In the 19th century, Balkan nations began to expel local Muslims who had been converted to Islam by the Ottomans as they saw them as a threat, Bieber said.

More recently, during the mass violence of the 1990s Balkans war, Serbian nationalists framed their attackson Bosnian and Albanian Muslims as an epic battle between two religions.

This "complete mischaracterization" of events "resonated with far-right groups across the world, including those who radicalized to commit acts of terrorism," Bieber said.

Sharing 'hate rhetoric'

Those that monitor hate speech on the internet had expressed their concern that right-wing extremism was spreading globally online.

From the United States to New Zealand via Europe, white supremacist Islamophobes are "increasingly cooperating and coordinating and sharing each other's hate rhetoric," Hooper of the Council on American-Islamic Relations said.

Beirich, of the Southern Poverty Law Center, said white supremacist propaganda and hate speech were not treated with the same concern by authorities as that of Islamist extremists such as the Islamic State group and Al Qaeda.

Technology companies and lawmakers in the West equate Islamist extremism online with terrorism but have "completely forgotten" white supremacy and its death toll, she said.

Offline, the anti-Islam narrative of the extreme right is also increasingly resonating with right-wing politicians in the region.

Hungary's autocratic leader Viktor Orban has evoked anti-Islamic imagery to justify policies such as closing borders to asylum-seekers many of whom are fleeing conflict and persecution — recalling the myths that have enervated right-wing extremists.

The majority of migrants arriving in Europe are from "the Islamic world," Orban said in his state of the nation address last year.

"If things continue like this, our culture, our identity and our nations as we know them will cease to exist. Our worst nightmares will have become reality," he said in that speech in February 2018.

But in reality, the numbers of migrants arriving in the Balkan region are few compared to those seeking asylum in northern Europe.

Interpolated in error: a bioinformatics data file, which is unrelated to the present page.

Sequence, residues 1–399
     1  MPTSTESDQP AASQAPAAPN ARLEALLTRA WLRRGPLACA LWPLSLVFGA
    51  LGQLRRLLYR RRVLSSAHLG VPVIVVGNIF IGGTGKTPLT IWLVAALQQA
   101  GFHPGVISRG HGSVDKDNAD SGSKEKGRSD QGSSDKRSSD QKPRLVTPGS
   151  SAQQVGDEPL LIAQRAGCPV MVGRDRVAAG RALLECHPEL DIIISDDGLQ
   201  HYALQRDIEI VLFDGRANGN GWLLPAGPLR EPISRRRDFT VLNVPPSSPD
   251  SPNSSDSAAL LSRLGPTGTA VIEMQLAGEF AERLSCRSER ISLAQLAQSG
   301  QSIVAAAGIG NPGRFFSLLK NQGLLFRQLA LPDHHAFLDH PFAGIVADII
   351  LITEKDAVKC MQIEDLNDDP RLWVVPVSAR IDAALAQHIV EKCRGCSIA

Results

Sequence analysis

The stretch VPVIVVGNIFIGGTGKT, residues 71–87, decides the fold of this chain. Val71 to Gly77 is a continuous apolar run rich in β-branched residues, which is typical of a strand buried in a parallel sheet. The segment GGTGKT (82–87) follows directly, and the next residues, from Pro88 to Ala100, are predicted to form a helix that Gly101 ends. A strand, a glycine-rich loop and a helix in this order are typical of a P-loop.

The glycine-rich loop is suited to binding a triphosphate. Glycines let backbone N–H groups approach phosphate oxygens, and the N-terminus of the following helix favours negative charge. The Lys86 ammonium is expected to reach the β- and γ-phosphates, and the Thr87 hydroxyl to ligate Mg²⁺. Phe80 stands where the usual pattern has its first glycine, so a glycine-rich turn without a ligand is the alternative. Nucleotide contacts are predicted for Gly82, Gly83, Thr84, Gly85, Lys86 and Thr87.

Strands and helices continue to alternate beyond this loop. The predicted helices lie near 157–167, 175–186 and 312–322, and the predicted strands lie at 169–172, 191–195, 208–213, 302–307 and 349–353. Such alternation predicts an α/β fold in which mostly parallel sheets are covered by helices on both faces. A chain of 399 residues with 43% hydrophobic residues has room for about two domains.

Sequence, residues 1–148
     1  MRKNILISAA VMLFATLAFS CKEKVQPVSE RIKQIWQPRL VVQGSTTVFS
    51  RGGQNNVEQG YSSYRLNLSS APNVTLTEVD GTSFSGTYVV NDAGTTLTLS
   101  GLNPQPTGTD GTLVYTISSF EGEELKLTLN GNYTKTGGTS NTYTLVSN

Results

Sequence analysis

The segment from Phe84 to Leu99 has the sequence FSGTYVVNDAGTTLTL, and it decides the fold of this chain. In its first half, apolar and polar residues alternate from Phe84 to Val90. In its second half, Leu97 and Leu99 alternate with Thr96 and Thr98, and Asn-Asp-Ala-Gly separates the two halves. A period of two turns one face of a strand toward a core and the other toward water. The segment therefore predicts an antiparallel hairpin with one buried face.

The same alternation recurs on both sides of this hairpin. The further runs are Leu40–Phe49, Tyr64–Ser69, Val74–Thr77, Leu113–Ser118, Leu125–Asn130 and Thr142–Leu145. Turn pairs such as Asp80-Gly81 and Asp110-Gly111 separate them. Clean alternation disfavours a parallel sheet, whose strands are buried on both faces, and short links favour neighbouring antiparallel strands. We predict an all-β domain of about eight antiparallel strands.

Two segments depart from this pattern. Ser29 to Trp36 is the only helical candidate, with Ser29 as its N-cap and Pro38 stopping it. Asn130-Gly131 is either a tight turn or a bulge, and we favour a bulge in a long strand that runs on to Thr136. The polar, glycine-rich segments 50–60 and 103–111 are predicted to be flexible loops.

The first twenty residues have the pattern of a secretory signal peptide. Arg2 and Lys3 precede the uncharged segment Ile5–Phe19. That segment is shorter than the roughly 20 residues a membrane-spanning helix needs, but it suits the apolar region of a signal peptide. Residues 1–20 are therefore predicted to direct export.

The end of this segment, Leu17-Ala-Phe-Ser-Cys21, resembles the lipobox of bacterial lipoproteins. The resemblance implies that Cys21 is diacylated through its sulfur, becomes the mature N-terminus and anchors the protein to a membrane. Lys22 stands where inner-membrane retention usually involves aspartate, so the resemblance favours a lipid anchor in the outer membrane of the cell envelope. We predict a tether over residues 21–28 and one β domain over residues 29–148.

In 2017, Hungary granted asylum to 106 refugees, according to the European Council on Refugees and Exiles — a tiny fraction of claims being granted elsewhere in the European Union.

After Hungary built a wall along its borders with Croatia and Serbia at the end of 2015, the number of arrivals dropped from more than 7,000 people a day to 10, according to the International Organization for Migration.

Despite the low numbers, many lawmakers in the region have won office on anti-immigrant platforms.

Last year, the Czech President Milos Zeman was re-elected on a wave of anti-immigrant and anti-Muslim feeling despite the fact that in November 2017 — two months before the vote — only 116 people lodged asylum claims in the country.

Fears of booming Muslim populations also feature heavily in political rhetoric.

Hungarian Prime Minister Viktor Orban delivers his annual state of the nation speech in Budapest in February.
Hungarian Prime Minister Viktor Orban delivers his annual state of the nation speech in Budapest in February. Bernadett Szabo

Earlier this year, the Hungarian government axed income tax for women with four children or more.

"We need Hungarian children," Orban said in a speech that had as its main theme "zero tolerance" for immigration.

Bieber said the extreme right look up to the perceived homogeneity of the Balkans, despite the fact it was more fantasy than reality.

Meanwhile, human rights groups have criticized the mistreatment of migrants in several Balkan countries. Last year, groups accused Hungarian authorities of refusing food to some asylum-seekersheld in two border camps while they awaited the outcome of their asylum process.

The 2015 influx of asylum-seekers saw vigilante groups emerge in Balkan states and start patrolling borders to keep migrants out.

The "BNO Shipka" group in Bulgaria hunts down migrants attempting to cross the forested mountain range on its border with Turkey.

"It's not a problem that they are Muslims. The problem is, it's a different civilization," Nikolai Ivanov, a founding member of the group, told NBC News in 2017.

As New Zealand moves ahead with its investigation into the last week's massacres, several European countries have said they have launched a probe into the suspect's potential ties to the region.

Balkan nations have condemned the attack and officials have distanced their countries from the suspect. Locals have also said they are frustrated their region is being associated with the attacker.

"This man has nothing to do with Serbia," Serbian Foreign Minister Ivica Dacic said. "I don't know where he took his inspiration, but it looks to me that on that list there was names of other countries too."

Vladimir Banic reported from Ljubjana and Saphora Smith reported from London.